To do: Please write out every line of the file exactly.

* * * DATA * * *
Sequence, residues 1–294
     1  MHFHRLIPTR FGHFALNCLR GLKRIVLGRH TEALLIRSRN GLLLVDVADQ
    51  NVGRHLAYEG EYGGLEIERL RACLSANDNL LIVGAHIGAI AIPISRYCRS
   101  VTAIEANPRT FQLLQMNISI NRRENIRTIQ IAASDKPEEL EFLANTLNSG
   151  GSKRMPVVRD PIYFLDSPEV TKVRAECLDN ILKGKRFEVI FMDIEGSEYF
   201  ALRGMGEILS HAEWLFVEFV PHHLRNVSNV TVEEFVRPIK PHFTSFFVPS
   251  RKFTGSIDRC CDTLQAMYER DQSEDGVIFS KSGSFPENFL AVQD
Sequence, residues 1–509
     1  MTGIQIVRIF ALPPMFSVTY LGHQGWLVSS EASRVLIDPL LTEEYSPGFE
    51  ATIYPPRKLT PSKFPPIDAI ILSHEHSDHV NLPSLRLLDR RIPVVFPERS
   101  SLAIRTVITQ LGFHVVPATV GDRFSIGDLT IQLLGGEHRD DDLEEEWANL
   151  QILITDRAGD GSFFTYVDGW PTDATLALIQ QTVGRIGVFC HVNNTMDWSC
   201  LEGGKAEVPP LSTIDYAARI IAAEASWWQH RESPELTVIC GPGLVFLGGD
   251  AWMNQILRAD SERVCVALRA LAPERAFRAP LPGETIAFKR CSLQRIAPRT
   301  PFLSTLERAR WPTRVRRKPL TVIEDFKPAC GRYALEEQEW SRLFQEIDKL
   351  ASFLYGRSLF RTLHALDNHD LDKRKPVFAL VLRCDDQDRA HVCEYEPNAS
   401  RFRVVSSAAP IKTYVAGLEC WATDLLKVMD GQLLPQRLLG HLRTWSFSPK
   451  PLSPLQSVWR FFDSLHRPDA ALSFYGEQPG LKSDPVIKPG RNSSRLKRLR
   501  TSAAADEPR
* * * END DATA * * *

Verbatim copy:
Sequence, residues 1–294
     1  MHFHRLIPTR FGHFALNCLR GLKRIVLGRH TEALLIRSRN GLLLVDVADQ
    51  NVGRHLAYEG EYGGLEIERL RACLSANDNL LIVGAHIGAI AIPISRYCRS
   101  VTAIEANPRT FQLLQMNISI NRRENIRTIQ IAASDKPEEL EFLANTLNSG
   151  GSKRMPVVRD PIYFLDSPEV TKVRAECLDN ILKGKRFEVI FMDIEGSEYF
   201  ALRGMGEILS HAEWLFVEFV PHHLRNVSNV TVEEFVRPIK PHFTSFFVPS
   251  RKFTGSIDRC CDTLQAMYER DQSEDGVIFS KSGSFPENFL AVQD
Sequence, residues 1–509
     1  MTGIQIVRIF ALPPMFSVTY LGHQGWLVSS EASRVLIDPL LTEEYSPGFE
    51  ATIYPPRKLT PSKFPPIDAI ILSHEHSDHV NLPSLRLLDR RIPVVFPERS
   101  SLAIRTVITQ LGFHVVPATV GDRFSIGDLT IQLLGGEHRD DDLEEEWANL
   151  QILITDRAGD GSFFTYVDGW PTDATLALIQ QTVGRIGVFC HVNNTMDWSC
   201  LEGGKAEVPP LSTIDYAARI IAAEASWWQH RESPELTVIC GPGLVFLGGD
   251  AWMNQILRAD SERVCVALRA LAPERAFRAP LPGETIAFKR CSLQRIAPRT
   301  PFLSTLERAR WPTRVRRKPL TVIEDFKPAC GRYALEEQEW SRLFQEIDKL
   351  ASFLYGRSLF RTLHALDNHD LDKRKPVFAL VLRCDDQDRA HVCEYEPNAS
   401  RFRVVSSAAP IKTYVAGLEC WATDLLKVMD GQLLPQRLLG HLRTWSFSPK
   451  PLSPLQSVWR FFDSLHRPDA ALSFYGEQPG LKSDPVIKPG RNSSRLKRLR
   501  TSAAADEPR